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Cellular Connectivity Comes to Microcontrollers With The Spark Electron

Arduino Technology
Cellular Connectivity Comes to Microcontrollers With The Spark Electron
The new Spark Electron
The new Spark Electron

Meet Electron from Spark, the new board that puts GSM cellular connectivity directly on the microcontroller.

With its onboard cellular antenna, this diminutive board will offer a huge range of deployment options and alleviate the hassle of using a custom cellular breakout board with your micro controller projects. They’re offering two versions, with either 2G or 3G connectivity.

It thankfully also reduces the frustration of dealing with mobile carriers — more on that in a moment.


Annotated Electron layout
Annotated Electron layout

The Electron features an ARM Cortex M3, the same chip that’s in the Spark Photon, and a few other familiar features.

  • STM32F205 ARM Cortex M3 microcontroller
  • 1MB Flash, 128K RAM
  • Cellular modem: U-Blox SARA U-series (3G) or G-series (2G)
  • 36 pins total: 28 GPIOs (D0-D13, A0-A13), plus TX/RX, 2 GNDs, VIN, VBAT, WKP, 3V3, RST
  • Board dimensions: 2.0″ x 0.8″ x 0.3″ (0.5″ including headers)
  • Two versions: 2G or 3G connectivity

Interestingly, it does not include a wifi option — all wireless communications channel through the cellular connection.


Mobile Virtual Network Operator Advantage

While all the specs look great, the most interesting announcement is that Spark is becoming a MVNO (Mobile Virtual Network Operator) — in essence a reseller of mobile data plans — and will provide cost effective, reliable network services to accompany the Electron.

Hopefully, their move into the network operator space will reduce those curious calls to major cellular provides where you try and explain what an Arduino is and why you would have a data plan for a microcontroller. Trust me, those conversations with large providers are not fun, and I’ve had more than my share of them!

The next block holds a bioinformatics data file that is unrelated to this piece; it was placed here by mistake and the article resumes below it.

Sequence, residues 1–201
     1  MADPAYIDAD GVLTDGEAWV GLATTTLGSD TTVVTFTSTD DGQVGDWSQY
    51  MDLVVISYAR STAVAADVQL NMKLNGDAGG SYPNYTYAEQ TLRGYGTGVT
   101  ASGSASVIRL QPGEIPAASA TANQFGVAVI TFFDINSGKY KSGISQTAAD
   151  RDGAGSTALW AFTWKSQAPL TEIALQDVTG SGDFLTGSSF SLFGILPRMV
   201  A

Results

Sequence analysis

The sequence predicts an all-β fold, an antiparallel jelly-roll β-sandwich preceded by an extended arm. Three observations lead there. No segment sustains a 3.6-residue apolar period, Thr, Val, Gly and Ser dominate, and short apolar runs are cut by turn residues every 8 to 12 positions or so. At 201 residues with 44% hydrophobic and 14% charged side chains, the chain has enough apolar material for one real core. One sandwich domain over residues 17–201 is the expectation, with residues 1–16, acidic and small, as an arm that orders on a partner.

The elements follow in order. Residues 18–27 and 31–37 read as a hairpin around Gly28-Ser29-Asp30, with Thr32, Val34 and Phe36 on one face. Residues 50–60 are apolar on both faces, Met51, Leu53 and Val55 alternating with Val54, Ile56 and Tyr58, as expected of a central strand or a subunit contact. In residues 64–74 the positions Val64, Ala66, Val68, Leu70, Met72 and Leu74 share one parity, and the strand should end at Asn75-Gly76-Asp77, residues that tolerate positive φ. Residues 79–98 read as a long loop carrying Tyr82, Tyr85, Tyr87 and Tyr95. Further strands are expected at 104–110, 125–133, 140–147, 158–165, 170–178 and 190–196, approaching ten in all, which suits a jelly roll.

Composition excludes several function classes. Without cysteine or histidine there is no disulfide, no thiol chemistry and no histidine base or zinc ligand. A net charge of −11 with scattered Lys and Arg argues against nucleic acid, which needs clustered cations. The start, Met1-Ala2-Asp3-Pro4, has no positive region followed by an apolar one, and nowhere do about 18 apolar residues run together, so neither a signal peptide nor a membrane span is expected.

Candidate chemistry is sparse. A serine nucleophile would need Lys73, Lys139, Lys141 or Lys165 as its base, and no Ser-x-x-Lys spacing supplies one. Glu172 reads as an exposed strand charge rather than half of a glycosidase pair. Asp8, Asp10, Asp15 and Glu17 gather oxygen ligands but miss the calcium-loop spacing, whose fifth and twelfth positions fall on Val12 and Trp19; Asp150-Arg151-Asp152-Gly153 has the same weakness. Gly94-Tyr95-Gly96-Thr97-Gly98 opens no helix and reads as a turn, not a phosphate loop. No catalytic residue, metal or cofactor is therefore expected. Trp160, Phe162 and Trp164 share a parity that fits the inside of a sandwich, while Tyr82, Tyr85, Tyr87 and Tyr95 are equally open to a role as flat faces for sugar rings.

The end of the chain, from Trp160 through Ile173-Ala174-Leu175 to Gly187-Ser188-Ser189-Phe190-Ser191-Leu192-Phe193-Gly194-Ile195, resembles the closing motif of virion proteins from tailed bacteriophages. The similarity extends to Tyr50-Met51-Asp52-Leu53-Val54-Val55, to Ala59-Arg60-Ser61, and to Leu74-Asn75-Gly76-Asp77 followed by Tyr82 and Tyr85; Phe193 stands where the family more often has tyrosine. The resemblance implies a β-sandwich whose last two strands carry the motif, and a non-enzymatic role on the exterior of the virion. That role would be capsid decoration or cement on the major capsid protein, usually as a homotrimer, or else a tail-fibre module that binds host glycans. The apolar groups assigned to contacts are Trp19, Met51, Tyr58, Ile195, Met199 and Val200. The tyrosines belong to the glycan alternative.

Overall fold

Zach Supalla, co-found are CEO of Spark, puts it in a more diplomatic way: “We’re surrounded by cellular towers designed for our mobile phones and tablets, but those same cell towers can be used for all kinds of products. We hope to bring this technology to the masses and enable a whole new generation of connected products.”

Cheap Data Rates

But how much is all this really going to cost you? Fortunately the costs are given on the kickstarter page:

  • $2.99/month for 1MB (approx. 20,000 messages per month)
  • $0.99/each additional MB
  • No contracts

Further clarifying any potential hidden costs is the press release, which states:

“The Electron comes with a SIM card and a $2.99/mo data plan that can be canceled anytime. Plans for both 2G and 3G cellular networks are available, along with international plans in select countries.”

All that sounds good to me.

The Electron is now available for pre-order on Kickstarter starting at $39 for 2G and $59 for 3G.

2 thoughts on “Cellular Connectivity Comes to Microcontrollers With The Spark Electron

  1. cvbruce says:

    Does anyone know how long support for 2G will be maintained. I ask because I thought I heard that some providers are dropping support for GPRS, and I’m not clear on which services are being dropped in the near future and which ones are going to be supported long term. Thanks.

    1. rocketryguy says:

      I’d go for 3G just for that reason. 2G coverage is likely to decline faster (just because it’s older) as equipment upgrades disincline carriers to maintain those boxes.

  2. David Scheltema says:

    It depends on your cellular provided. Quickly searching, I found which covers a bit of the topic.

    Let us know what you find out cvbruce!

  3. mitek says:

    Perfect but can you give to schematic/layout, examples etc. ?

  4. Alex Miller says:

    That’s $1015.76 per GB! Data Not cheap!

  5. reaserchad86 says:

    Excellent! Can’t wait to get my hands on one of these.

  6. Patrick says:

    Reblogged this on heavydiy and commented:
    This is awesome and the possibilities are endless! Want to build a collar for your dog that will text you GPS coordinates should they escape? Have an idea for a cool vending machine and want it to be able to tell you when it needs refilled? Want to be able to text your car from the office and tell it to roll the windows down on a hot day? Have an army of giant spider robots designed to take over the world and want them to be able to tell you when their plasma cannons are out of ammo while you sit in your secret lair and laugh maniacally?

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I love to tinker and write about electronics. My days are spent building projects and working as a Technical Editor for MAKE.

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